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# Simple Harmonic Motion - PowerPoint PPT Presentation

Simple Harmonic Motion. Physics 202 Professor Lee Carkner Lecture 3. PAL #2 Archimedes. a) Iron ball removed from boat Boat is lighter and so displaces less water b) Iron ball thrown overboard While sinking iron ball displaced water equal to its volume c) Cork ball thrown overboard

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## PowerPoint Slideshow about 'Simple Harmonic Motion' - bethan

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Physics 202

Professor Lee Carkner

Lecture 3

• a) Iron ball removed from boat

• Boat is lighter and so displaces less water

• b) Iron ball thrown overboard

• While sinking iron ball displaced water equal to its volume

• c) Cork ball thrown overboard

• Both ball and boat still floating and so displaced amount of water is the same

• A particle that moves between 2 extremes in a fixed period of time

• Examples:

• mass on a spring

• pendulum

• Frequency (f) --

• Unit=hertz (Hz) = 1 oscillation per second = s-1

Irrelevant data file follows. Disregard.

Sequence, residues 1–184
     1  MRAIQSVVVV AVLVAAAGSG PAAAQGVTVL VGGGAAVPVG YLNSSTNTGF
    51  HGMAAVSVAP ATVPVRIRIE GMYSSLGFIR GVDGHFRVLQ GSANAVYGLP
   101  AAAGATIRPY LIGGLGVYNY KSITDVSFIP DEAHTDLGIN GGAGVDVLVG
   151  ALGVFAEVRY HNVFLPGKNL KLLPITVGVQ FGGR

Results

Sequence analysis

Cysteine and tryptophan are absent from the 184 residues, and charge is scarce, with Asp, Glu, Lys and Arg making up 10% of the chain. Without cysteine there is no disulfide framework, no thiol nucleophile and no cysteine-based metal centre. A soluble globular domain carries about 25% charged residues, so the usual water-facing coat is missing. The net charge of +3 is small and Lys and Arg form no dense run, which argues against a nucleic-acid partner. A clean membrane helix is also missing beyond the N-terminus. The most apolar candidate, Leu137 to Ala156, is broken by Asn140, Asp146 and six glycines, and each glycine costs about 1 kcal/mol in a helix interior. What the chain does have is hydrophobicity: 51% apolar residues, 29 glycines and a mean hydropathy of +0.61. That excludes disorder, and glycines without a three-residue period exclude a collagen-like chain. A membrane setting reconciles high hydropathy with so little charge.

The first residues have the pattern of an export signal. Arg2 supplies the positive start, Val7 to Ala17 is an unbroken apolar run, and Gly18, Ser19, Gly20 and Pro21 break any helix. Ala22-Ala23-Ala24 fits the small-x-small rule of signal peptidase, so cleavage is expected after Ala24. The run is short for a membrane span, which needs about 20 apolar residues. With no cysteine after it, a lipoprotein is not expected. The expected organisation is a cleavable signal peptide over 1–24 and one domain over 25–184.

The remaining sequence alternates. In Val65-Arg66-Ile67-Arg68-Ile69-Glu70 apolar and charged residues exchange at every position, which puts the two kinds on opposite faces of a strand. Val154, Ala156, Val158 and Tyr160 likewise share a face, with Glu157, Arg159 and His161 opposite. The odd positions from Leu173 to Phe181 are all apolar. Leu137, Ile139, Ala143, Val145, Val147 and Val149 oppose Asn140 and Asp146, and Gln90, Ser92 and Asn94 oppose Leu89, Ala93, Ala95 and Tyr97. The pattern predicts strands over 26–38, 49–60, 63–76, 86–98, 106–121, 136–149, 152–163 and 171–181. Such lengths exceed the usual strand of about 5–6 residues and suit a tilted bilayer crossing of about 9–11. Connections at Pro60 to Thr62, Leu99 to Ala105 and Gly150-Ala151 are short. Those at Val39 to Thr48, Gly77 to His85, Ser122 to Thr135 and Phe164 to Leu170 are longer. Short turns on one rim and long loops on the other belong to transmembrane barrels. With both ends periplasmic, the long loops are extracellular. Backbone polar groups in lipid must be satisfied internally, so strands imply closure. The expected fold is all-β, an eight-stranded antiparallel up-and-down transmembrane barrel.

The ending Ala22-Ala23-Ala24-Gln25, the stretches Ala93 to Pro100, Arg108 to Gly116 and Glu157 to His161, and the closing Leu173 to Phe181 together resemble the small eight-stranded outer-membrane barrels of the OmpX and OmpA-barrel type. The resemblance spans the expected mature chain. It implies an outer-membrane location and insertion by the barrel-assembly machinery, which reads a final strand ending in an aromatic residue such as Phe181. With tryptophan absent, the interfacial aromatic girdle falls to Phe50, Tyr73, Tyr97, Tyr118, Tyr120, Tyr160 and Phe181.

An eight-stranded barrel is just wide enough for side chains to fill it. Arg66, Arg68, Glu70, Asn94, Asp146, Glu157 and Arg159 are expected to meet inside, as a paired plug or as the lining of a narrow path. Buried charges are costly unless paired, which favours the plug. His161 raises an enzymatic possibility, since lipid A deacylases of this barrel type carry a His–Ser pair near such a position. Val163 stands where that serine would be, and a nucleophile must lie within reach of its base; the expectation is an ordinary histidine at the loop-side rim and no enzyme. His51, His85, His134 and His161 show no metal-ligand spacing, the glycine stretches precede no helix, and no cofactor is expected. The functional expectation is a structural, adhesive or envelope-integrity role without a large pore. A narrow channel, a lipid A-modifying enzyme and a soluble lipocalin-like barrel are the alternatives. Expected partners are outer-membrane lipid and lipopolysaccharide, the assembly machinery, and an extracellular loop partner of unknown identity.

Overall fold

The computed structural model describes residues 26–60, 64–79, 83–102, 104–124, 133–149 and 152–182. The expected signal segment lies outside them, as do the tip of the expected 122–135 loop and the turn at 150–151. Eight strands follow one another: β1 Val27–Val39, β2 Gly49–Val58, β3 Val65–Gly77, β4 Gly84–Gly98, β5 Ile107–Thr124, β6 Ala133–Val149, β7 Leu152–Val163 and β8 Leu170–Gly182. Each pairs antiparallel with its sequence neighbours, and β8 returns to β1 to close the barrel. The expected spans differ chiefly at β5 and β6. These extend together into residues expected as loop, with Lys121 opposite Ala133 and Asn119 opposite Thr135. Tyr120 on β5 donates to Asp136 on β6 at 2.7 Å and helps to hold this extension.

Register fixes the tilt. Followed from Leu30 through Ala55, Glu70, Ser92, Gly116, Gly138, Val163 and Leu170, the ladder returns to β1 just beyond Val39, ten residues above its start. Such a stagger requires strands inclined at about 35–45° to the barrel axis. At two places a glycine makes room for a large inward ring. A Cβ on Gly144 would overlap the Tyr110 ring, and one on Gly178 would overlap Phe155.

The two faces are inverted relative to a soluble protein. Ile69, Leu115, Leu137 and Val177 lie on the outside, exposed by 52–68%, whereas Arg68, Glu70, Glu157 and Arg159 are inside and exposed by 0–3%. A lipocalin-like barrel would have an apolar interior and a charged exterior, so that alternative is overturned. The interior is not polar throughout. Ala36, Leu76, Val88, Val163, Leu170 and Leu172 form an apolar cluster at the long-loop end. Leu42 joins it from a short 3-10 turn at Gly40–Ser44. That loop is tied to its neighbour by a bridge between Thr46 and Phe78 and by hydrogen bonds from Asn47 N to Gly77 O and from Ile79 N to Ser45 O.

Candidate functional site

• Period (T) --

• T=1/f

• Angular frequency (w) -- w = 2pf = 2p/T

• Unit =

• We use angular frequency because the motion cycles

• What is the position (x) of the mass at time (t)?

• The displacement from the origin of a particle undergoing simple harmonic motion is:

x(t) = xmcos(wt + f)

• Amplitude (xm) --

• Phase angle (f) --

• Remember that (wt+f) is in radians

• Consider SHM with f=0:

x = xmcos(wt)

• t=0, wt=0, cos (0) = 1

• t=1/2T, wt=p, cos (p) = -1

• t=T, wt=2p, cos (2p) = 1

Min

Rest

Max

10m

• The value of f relative to 2p indicates the offset as a function of one period

• It is phase shifted by 1/2 period

• If we differentiate the equation for displacement w.r.t. time, we get velocity:

v(t)=-wxmsin(wt + f)

• Since the particle moves from +xm to -xm the velocity must be negative (and then positive in the other direction)

• High frequency (many cycles per second) means larger velocity

• If we differentiate the equation for velocity w.r.t. time, we get acceleration

a(t)=-w2xmcos(wt + f)

• Making a substitution yields:

a(t)=-w2x(t)

Min

Rest

Max

10m

• Consider SMH with f=0:

x = xmcos(wt)

v = -wxmsin(wt)

a = -w2xmcos(wt)

• Mass is momentarily at rest, but being pulled hard in the other direction

• Mass coasts through the middle at high speed

• Remember that: a=-w2x

• But, F=ma so,

• Since m and w are constant we can write the expression for force as:

F=-kx

• This is Hooke’s Law

• Simple harmonic motion is motion where force is proportional to displacement but opposite in sign

• Why is the sign negative?

• Example: a mass on a spring

• We can thus find the angular frequency and the period as a function of m and k

• However, for a linear oscillator the mass depends only on the period and the spring constant:

m/k=(T/2p)2